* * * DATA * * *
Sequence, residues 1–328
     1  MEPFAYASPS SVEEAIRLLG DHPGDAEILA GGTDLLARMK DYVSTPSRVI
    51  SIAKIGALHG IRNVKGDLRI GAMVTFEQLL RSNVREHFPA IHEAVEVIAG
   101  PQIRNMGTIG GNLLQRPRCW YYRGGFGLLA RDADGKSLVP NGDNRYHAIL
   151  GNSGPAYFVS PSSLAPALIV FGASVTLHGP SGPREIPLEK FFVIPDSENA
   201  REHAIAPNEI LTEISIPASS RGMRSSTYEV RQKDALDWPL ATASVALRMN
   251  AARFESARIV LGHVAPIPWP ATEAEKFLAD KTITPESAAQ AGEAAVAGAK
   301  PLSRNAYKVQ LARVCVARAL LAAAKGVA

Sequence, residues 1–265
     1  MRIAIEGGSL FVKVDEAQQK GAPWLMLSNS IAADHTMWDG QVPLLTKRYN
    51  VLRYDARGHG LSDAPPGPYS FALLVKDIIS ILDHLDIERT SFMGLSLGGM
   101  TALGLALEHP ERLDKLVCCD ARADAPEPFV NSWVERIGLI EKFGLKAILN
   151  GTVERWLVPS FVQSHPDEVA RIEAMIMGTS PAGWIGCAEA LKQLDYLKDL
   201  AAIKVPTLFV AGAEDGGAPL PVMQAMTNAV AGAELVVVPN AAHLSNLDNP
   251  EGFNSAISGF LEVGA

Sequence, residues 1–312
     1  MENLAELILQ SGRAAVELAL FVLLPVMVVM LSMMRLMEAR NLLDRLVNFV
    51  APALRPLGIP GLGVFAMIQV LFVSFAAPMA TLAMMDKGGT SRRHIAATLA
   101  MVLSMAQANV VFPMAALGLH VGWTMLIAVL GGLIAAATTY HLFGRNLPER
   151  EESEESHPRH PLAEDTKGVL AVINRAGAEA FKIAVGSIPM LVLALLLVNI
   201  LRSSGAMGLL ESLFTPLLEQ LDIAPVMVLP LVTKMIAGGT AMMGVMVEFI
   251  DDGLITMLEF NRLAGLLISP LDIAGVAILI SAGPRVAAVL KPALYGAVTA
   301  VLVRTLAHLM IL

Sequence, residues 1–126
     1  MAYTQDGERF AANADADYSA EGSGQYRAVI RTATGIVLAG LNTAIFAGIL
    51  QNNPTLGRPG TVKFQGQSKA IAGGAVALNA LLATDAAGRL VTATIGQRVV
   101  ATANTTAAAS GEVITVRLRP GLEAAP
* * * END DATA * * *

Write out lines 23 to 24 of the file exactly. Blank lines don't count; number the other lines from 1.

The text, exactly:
   301  VLVRTLAHLM IL

Sequence, residues 1–126